To see what I'm talking about, I've highlighted three plays from Seattle's overtime drive against Denver. I've tried (with limited success) to keep the Xs and Os brief, as the purpose of this article is to take a step back and examine how the plays interact with each other, rather than how they're supposed to function in a vacuum.

Act 1. The Screen Door.

Per usual, SBN automatically resizes all images used in articles.  To see them in the original size, click on them.

Harvin's pre snap motion from left to right draws an adjustment from Denver's defense. Without seeing the secondary in action, I can only speculate, but I believe they're in a look known as "half quarters". There's two deep zones on the offensive left, and they're pattern-matching on the right. (The corner takes the deepest route in man, while an LB sits on anything underneath). This leaves the Broncos without any help on the backside, but Zach Miller or Marshawn Lynch isolated against Aqib Talib isn't exactly a profitable matchup for us.

The offensive line Run Action blocks. If you haven't heard the term before, "run action" is a cross between "run blocking" and "play action". The OL blocks exactly the same way the would for a run, which makes the play action fake far more convincing since an LB keying on the OL blocks would still be fooled. The drawback is that the OL cannot hold their blocks for nearly as long as they could in standard pass protection. The passing routes have to be fast developing, with none of the double-move deep bomb stuff that teams normally favor.

Denver's linebackers had been seeing a steady diet of zone runs all day long. They were fooled for just long enough that Wilson got the ball to Percy Harvin on the perimeter with plenty of room to work. By all rights this play should have gone for a whole bunch of yards, and possibly a touchdown if safety Rahim Moore misses the open field tackle on Harvin. Unfortunately WR Bryan Walters laid an appallingly terrible block on Chris Harris, who was able to get two hands on Percy.

I'll happily take a 6 yard play on 2nd and 5, but oh man did we leave a lot of yards on the table here.


The next play we're going to look at is the very next snap.

Act 2. He's a Real Nowhere Man.

Sitting in his nowhere land.
Guarding nobody.


The Seahawks (again) come out with 11 personnel (1 RB, 1 TE). Again, they align in a 2x1 set. Harvin (again) motions across the backfield from right to left, and Denver (again) rotates their safeties to account for the change in formation.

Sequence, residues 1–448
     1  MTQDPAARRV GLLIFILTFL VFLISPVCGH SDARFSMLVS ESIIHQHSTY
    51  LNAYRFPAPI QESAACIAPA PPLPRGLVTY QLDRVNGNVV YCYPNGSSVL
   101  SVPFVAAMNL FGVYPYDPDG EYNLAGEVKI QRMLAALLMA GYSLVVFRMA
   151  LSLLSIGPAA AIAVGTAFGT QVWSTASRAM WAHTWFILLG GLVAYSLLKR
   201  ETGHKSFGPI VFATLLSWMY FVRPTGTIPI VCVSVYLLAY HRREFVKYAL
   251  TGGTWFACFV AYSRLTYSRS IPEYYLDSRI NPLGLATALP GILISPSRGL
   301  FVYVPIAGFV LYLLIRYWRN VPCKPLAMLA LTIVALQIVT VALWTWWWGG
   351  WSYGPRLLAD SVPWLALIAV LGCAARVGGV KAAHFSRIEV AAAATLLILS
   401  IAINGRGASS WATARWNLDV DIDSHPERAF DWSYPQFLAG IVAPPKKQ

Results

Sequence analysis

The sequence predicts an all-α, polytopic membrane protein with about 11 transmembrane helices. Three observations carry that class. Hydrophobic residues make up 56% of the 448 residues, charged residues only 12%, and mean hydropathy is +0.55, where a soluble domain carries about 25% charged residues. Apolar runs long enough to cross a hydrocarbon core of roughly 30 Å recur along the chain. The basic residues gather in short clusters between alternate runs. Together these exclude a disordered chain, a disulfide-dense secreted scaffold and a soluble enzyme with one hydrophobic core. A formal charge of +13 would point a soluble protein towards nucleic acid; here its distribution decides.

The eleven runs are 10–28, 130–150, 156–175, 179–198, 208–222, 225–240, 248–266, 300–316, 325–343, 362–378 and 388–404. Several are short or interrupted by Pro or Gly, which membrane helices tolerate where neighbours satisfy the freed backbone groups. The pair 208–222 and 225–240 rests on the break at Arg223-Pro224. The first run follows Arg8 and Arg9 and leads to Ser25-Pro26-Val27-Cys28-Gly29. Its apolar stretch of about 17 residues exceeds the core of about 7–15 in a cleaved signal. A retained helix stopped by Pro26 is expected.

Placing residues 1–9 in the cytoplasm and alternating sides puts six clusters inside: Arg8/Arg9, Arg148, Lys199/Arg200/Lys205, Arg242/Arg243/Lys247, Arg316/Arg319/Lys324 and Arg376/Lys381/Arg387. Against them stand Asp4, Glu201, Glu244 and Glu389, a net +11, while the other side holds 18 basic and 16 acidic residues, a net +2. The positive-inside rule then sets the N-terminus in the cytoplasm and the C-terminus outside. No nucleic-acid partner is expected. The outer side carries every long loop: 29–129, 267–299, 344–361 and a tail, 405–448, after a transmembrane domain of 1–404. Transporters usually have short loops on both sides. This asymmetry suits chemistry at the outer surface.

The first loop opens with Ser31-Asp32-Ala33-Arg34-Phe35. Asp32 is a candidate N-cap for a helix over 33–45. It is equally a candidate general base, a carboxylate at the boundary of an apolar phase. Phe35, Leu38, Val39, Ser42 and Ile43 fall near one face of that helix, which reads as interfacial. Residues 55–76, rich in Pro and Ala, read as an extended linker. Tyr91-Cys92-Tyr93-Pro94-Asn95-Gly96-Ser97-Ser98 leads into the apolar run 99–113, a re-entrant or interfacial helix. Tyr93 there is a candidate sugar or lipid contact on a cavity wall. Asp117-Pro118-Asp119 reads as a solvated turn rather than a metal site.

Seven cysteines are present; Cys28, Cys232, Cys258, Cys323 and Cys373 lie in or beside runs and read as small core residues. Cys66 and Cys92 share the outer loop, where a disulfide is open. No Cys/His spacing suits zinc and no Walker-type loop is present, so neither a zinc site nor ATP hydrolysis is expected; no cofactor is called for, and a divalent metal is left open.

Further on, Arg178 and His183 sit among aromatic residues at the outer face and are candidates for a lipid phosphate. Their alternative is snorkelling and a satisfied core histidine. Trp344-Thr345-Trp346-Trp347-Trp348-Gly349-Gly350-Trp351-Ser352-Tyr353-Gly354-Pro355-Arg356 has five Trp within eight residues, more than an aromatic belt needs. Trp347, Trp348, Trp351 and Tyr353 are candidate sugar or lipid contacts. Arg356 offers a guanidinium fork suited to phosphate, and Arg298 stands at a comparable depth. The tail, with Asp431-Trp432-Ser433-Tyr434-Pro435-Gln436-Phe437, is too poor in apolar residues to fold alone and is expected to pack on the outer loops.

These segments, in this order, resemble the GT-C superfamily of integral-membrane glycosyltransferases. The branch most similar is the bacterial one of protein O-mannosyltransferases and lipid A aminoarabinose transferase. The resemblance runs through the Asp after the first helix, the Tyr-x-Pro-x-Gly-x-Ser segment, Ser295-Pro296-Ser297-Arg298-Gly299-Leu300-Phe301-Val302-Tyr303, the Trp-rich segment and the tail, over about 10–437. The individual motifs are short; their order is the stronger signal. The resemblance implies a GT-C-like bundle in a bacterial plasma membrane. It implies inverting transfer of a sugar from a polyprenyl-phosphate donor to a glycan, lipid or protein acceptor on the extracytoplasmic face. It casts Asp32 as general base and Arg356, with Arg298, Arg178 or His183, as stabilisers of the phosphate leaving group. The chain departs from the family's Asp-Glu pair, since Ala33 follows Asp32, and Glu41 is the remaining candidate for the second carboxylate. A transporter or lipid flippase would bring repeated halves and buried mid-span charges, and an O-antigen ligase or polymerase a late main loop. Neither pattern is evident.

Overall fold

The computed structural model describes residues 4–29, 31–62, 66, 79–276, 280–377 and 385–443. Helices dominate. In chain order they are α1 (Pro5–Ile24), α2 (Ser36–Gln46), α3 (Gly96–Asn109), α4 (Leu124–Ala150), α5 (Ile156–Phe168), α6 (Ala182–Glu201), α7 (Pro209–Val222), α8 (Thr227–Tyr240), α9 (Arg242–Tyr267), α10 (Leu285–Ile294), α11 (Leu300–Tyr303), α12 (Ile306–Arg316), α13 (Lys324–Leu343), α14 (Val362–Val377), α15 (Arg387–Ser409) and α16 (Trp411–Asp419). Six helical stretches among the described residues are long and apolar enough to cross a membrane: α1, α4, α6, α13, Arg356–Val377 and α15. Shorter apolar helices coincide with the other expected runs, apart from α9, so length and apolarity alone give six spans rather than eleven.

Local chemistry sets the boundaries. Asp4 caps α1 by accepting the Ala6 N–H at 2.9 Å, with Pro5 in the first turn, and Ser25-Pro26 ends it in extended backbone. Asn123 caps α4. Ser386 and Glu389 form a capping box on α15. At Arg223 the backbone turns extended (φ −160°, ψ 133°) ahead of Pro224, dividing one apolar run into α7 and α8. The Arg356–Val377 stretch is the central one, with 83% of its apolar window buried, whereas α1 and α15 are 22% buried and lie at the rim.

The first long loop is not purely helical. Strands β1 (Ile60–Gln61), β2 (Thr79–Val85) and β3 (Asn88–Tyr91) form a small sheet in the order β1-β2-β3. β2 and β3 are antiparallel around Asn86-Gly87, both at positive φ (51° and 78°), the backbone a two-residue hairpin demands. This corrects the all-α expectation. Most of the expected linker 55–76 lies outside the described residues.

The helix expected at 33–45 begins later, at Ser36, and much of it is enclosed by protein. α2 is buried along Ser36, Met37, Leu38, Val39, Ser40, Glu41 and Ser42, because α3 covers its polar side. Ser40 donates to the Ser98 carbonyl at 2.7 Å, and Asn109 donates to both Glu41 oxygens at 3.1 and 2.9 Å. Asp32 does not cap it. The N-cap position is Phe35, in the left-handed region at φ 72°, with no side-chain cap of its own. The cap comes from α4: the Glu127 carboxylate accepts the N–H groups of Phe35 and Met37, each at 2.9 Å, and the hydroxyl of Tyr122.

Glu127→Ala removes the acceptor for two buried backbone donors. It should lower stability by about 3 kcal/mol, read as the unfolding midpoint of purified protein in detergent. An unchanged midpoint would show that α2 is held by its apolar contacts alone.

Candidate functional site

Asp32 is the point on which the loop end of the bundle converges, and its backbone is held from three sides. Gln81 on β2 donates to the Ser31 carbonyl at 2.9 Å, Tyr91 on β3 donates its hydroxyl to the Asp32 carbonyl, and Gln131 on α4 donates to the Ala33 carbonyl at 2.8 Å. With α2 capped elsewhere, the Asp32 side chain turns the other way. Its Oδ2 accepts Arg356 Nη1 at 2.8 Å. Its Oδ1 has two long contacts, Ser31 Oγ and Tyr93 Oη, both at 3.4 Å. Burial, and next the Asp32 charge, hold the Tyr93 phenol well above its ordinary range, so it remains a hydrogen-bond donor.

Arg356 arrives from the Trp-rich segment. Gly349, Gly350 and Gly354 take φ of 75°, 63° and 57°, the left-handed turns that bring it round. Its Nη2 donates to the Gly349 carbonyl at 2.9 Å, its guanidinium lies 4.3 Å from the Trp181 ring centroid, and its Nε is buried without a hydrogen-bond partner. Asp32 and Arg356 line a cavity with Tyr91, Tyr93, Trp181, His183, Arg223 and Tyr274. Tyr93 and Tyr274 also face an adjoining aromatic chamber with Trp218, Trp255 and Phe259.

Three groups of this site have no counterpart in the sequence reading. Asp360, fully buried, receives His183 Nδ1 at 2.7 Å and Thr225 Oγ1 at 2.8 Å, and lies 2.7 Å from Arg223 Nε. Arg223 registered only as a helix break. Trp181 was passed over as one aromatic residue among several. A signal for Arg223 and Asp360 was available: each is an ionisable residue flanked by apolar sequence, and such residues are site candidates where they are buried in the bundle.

The threat of Harvin getting the ball on a screen (again) is clearly on the defense's mind. They know he very nearly broke it on the last snap. The Will LB flattens out and removes himself from the box. The FS comes upfield so that if Harvin gets outside the LB, the safety will be in position to make the tackle.

This leaves the Broncos with six guys in the box, against six Seahawk blockers. Lynch clears the line and tries (unsuccessfully) to juke the strong safety. Had he managed, there was nobody left between him and the endzone.

Seven yards on first and 10 because the Broncos were so worried about stopping the screen to Harvin that they couldn't even be bothered to keep seven guys in the box.


Skipping aheads a few plays, we arrive at the game's penultimate snap.

Act 3. The Split-Level House.


Here, Seattle is using a Levels concept that I've written about in the past with two new and interesting additions. The first is that we're using run action in conjunction with Wilson's naked bootleg to sell the play action fake. Ideally, we want Vonn Miller (the backside OLB) to crash down the line on the run, leaving Russel Wilson with plenty of space and a clean throwing lane into the endzone.

The second addition to the concept is Harvin's flat route. It's an emergency outlet if the run-action fails and Miller pushes upfield. That's particularly likely to happen to Seattle, because edge defenders are often coached to stay home in order to prevent Russell Wilson from running for big yardage. Harvin's route is also deadly against pure-man. A defender trying to follow him behind the line of scrimmage is likely to get decapitated by an offensive lineman, and going the long way around isn't much better.

In this case, Miller didn't bite on the run fake, and Wilson dumped it off to Harvin.


Curtain Call

I think one of Bevell's most under-rated attributes as an offensive coordinator is his ability to synthesize an attack where each play compliments the others. Our outside zone running sets us up for play action. Seattle's play action opens up the quick hitters along the perimeter, these in turn draw defenses towards the sideline and opens up the inside zone runs, which are the yin to an outside zone running team's yang.

The Seahawks can do all of this out of the same personnel groupings, all the way down to motioning Harvin across the formation from right to left every time. They're not just disguising their intentions. They're actively attempting to lead the defense into guessing wrong by mimicking a play they'd previously had success with, only this time doing something completely different.

It's a beautiful thing.